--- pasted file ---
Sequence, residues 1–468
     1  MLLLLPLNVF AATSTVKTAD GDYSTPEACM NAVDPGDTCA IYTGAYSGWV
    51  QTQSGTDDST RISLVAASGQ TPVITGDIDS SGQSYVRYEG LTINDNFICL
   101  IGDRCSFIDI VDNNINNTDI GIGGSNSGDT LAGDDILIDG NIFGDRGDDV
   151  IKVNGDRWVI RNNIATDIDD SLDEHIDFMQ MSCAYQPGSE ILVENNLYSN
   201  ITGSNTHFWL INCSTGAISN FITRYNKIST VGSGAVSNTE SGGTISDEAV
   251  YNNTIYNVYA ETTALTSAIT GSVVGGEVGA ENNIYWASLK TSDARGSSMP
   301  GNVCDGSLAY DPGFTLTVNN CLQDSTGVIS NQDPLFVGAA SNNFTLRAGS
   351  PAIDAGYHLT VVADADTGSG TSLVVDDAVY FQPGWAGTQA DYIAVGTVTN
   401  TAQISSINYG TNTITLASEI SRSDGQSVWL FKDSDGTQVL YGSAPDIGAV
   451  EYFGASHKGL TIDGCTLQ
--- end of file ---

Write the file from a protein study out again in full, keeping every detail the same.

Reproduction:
Sequence, residues 1–468
     1  MLLLLPLNVF AATSTVKTAD GDYSTPEACM NAVDPGDTCA IYTGAYSGWV
    51  QTQSGTDDST RISLVAASGQ TPVITGDIDS SGQSYVRYEG LTINDNFICL
   101  IGDRCSFIDI VDNNINNTDI GIGGSNSGDT LAGDDILIDG NIFGDRGDDV
   151  IKVNGDRWVI RNNIATDIDD SLDEHIDFMQ MSCAYQPGSE ILVENNLYSN
   201  ITGSNTHFWL INCSTGAISN FITRYNKIST VGSGAVSNTE SGGTISDEAV
   251  YNNTIYNVYA ETTALTSAIT GSVVGGEVGA ENNIYWASLK TSDARGSSMP
   301  GNVCDGSLAY DPGFTLTVNN CLQDSTGVIS NQDPLFVGAA SNNFTLRAGS
   351  PAIDAGYHLT VVADADTGSG TSLVVDDAVY FQPGWAGTQA DYIAVGTVTN
   401  TAQISSINYG TNTITLASEI SRSDGQSVWL FKDSDGTQVL YGSAPDIGAV
   451  EYFGASHKGL TIDGCTLQ